In the scramble to grow, builders have cut corners—harming residents and the future of the city.
A new movement seeks to extend the “co-working” model into small-scale manufacturing to benefit low-income workers.
There’s long been a polarized debate surrounding this type of housing, but that’s finally starting to change.
This visualization shows density peak in 1910, slip in the 20th century, then creep upward after 1980.
How the wide-ranging HIGHRISE documentary film project influenced the lives of a group of Toronto tower residents.
Studies say that lower-income people do better when they live in affluent neighborhoods, but rich people don’t want them there. A few states are seeking ways around that resistance.
For all the growth in cities, new housing still looks incredibly suburban.
There’s “romance” in the master bedroom … and in the master bath.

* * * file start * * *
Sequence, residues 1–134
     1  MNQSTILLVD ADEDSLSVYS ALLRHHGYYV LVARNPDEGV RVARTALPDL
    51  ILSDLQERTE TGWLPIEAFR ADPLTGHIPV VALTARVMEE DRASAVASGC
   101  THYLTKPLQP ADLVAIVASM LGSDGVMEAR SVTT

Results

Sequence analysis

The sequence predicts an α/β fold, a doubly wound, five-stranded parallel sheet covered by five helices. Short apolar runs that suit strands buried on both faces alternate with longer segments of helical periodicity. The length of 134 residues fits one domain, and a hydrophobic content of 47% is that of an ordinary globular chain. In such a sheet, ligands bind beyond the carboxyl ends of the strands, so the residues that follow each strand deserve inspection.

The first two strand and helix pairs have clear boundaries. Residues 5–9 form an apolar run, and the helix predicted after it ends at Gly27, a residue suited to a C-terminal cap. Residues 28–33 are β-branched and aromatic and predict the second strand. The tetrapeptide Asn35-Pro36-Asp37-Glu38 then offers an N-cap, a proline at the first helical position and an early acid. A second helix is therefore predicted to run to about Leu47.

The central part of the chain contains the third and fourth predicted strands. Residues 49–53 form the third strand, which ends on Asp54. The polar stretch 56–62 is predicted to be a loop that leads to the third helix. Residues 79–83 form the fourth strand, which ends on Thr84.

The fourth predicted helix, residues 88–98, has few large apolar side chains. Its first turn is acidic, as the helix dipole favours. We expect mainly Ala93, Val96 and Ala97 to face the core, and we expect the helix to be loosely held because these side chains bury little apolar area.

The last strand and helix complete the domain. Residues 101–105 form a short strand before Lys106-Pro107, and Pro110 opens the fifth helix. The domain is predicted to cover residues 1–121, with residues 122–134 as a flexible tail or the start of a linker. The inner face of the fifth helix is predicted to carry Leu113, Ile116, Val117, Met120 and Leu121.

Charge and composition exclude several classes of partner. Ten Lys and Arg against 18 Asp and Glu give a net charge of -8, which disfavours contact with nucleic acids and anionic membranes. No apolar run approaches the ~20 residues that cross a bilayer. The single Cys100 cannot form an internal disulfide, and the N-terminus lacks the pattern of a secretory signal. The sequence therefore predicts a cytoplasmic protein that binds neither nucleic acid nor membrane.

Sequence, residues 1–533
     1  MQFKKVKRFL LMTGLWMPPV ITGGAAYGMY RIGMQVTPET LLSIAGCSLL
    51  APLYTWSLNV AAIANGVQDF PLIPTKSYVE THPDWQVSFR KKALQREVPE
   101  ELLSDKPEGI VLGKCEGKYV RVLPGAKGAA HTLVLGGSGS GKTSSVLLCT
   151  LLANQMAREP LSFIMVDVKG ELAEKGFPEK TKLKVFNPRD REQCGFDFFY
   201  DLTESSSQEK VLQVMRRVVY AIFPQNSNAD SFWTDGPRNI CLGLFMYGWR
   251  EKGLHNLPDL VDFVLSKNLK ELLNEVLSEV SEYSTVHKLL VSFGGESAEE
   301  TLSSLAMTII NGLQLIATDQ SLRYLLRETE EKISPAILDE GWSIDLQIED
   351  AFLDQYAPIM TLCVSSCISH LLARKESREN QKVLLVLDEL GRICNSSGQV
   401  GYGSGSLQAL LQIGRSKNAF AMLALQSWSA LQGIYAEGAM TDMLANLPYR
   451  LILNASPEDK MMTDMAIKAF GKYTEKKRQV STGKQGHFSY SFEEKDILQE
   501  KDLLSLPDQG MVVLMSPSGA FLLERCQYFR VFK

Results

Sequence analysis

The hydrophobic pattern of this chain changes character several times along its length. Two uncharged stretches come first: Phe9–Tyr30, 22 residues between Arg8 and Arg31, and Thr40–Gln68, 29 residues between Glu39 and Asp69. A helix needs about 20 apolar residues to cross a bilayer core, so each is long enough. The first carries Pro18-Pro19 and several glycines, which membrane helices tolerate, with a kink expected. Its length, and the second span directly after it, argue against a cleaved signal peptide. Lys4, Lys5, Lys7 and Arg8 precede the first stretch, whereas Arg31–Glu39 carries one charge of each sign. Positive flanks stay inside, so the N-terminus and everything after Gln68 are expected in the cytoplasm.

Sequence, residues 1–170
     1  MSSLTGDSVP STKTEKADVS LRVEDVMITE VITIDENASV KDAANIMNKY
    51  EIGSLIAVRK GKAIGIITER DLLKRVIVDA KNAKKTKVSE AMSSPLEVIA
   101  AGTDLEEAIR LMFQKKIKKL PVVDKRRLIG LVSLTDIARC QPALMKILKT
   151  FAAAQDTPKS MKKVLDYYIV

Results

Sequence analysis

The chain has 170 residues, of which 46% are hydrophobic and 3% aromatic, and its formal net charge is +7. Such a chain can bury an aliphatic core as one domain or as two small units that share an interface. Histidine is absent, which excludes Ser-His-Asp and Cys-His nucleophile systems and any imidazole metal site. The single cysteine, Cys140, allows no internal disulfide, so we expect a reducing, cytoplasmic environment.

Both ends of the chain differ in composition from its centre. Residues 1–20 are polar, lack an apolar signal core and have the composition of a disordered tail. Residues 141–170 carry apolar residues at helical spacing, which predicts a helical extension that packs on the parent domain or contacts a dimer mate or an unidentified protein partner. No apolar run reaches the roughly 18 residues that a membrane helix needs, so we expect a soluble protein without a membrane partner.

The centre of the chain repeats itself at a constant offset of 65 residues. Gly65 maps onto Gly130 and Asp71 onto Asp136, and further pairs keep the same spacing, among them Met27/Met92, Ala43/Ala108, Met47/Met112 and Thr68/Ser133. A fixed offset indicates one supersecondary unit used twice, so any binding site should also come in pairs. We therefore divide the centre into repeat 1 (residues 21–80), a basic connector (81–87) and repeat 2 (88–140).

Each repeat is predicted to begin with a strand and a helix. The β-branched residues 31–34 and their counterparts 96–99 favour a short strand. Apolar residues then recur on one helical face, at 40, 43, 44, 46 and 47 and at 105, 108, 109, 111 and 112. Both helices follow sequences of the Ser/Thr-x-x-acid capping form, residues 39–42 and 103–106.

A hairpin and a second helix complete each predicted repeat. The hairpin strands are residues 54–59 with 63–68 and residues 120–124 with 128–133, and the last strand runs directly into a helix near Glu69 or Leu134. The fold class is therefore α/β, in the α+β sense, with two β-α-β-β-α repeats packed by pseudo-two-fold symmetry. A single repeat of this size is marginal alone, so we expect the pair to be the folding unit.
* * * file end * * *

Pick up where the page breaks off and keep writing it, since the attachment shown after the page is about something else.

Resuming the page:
The South Carolina city handed over protected park space to private developers under dubious terms. Now, residents are fighting back.
A new study tries to determine what a “tolerant” city looks like.
A wave of construction below the earth’s surface aims to make room for the city above.
In Detroit and Baltimore, residents behind on water payments prepare to go without. Why aren’t utilities going after delinquent big companies first?
A fascinating resource for lovers of city planning, made possible by open data.
The figures highlight the mismatch between dipping job earnings and soaring housing costs.
Mayor Stephanie Rawlings-Blake is currently occupied with issues of policing and crime. But the city’s massive housing problem is also an issue indivisible from justice.
The crowd-funded project would make a place in Lebanon where these displaced youths can be kids again.
Changing neighborhoods may be a class issue, but in America, that means it’s also a racial one.
Targeting select low-income communities for an infusion of resources isn’t the answer to the problem of urban poverty. But what is?